Why Good Enough Isn’t

Why Good Enough Isn’t

I’m reading an insightful book right now called Race Against the Machine by Erik Brynjolfsson and Andrew McAfee. The basic premise is that accelerating technological innovation is now destroying old jobs and creating new ones faster than people have been able to adjust.

To make their case, the authors cite this depressing statistic: the decade between 1999 and 2009 was the first since data were collected to see the median household income in the U.S. decline. The median household was earning $60,746 at the beginning of that ten year stretch and just $55,821 at the end.

What is the median in this case? It is the exact midpoint of all households. In other words, half of all households earned more than that amount, and half earned less.

My definition, however, is different. It is the breakpoint between being good enough on the job and being better than that. Or to put it more bluntly, it is the dividing line between workers who are thriving and those on their way to a pink slip.

Wait you say. Some jobs just pay less so it’s unfair to say that those below the median aren’t working as hard or as smart as they can.

While it’s true that different jobs provide different pay, what’s also true is that employers pay top dollar for top performers in every job. If you have any doubt about that, consider this comforting statistic: according to the Society for Human Resource Management (SHRM), almost one-third of all employers are now paying above the norm in starting salaries to recruit high performing workers and better than six-out-of-ten are raising salaries of current high performers to retain them.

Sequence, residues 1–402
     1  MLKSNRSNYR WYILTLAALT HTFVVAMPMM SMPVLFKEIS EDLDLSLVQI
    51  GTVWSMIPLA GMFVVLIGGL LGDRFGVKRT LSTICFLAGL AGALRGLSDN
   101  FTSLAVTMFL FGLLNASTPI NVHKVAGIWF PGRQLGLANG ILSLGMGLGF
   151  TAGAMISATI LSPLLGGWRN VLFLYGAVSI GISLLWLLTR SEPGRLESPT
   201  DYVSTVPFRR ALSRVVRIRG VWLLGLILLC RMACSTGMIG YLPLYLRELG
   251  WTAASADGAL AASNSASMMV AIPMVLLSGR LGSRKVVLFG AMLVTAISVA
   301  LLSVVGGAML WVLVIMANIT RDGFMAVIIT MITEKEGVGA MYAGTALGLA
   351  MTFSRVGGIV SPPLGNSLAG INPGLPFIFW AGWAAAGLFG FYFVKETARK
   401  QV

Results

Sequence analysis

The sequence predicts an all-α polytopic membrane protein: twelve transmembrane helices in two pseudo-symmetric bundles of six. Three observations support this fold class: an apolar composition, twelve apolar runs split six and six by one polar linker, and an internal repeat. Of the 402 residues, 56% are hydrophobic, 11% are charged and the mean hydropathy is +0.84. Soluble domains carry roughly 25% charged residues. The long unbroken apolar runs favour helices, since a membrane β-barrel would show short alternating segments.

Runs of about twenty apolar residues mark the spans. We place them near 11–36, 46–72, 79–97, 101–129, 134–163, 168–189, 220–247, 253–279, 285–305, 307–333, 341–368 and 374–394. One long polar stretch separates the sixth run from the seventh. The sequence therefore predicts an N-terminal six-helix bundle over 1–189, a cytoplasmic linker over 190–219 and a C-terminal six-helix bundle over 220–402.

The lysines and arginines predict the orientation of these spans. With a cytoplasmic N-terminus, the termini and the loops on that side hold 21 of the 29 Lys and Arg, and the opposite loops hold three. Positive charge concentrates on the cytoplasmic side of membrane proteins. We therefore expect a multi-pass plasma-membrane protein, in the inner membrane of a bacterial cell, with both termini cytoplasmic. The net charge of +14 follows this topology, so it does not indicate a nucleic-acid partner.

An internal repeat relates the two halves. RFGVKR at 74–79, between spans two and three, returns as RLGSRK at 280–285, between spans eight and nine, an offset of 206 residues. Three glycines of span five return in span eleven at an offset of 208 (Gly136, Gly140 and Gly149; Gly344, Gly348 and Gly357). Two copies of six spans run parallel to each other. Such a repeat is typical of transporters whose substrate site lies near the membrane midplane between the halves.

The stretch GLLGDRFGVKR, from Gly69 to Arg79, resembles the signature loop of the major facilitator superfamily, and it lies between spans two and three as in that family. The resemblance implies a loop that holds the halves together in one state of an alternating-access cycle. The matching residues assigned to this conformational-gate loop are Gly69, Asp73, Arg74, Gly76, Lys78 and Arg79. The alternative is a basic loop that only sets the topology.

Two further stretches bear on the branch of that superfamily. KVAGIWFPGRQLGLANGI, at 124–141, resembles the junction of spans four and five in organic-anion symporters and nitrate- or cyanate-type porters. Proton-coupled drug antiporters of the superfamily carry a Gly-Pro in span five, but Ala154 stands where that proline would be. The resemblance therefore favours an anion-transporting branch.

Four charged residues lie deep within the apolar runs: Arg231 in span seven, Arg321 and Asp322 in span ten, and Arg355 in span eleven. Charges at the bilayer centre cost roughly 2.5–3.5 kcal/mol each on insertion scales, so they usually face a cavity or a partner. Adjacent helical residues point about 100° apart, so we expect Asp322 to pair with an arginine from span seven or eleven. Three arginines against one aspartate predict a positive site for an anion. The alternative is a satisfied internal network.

Employers are no longer competing with cheaper labor overseas; they’re competing with smarter labor. They are desperate, therefore, to hire and hang onto those workers who can and do excel at their work.

While our school system tells us that human talent falls into a “normal distribution” – a few have a lot of it, most of us have a bit of it and some of us have none at all – the truth is something else altogether.

You see, talent is actually an absolute human attribute. You don’t have a little or a lot of it because talent is the capacity for excellence. Not only have we all have been endowed with it, but that gift enables every single one of us to do superior work.

For that capacity to be realized, however, we have to make two commitments:
• First, we have to commit ourselves to keeping our talent at the state-of-the-art. Our ability to deliver the full dimension of our excellence can diminish if we let it. That’s why I urge career activists to practice Career Fitness – a regimen of power-building activities that will keep their talent vibrant and fully accessible.
• Second, we have to commit to bringing our talent to work with us. When we do that – when we apply our talent on-the-job – we also make clear just how much our employer’s success depends upon the contribution we make. And, it’s that realization which ensures our pay will always be above the median household income line.

We don’t have to race against the machines in the workplace. We can race ahead with them … but only if we respect our talent and use it to be better than good enough.

Work Strong,
Peter

1 Comment

  1. Peter

    Interesting that this month Monster named sales representative on the top 10 in demand jobs and the median income was ~56K. Seems like not a bad place for someone without the sheepskin to find a good living in the USA.

    To your point on career fitness. Precisely the reason we are encouraging sales pros to use our tool for FREE. To power build your talents you must know your talents. When one is consciously competent they can then move toward the unconsciously competent zone and bring their talents (strengths ala Buckingham) to work.

    Good article Peter.

    Best of luck at your conference.

    John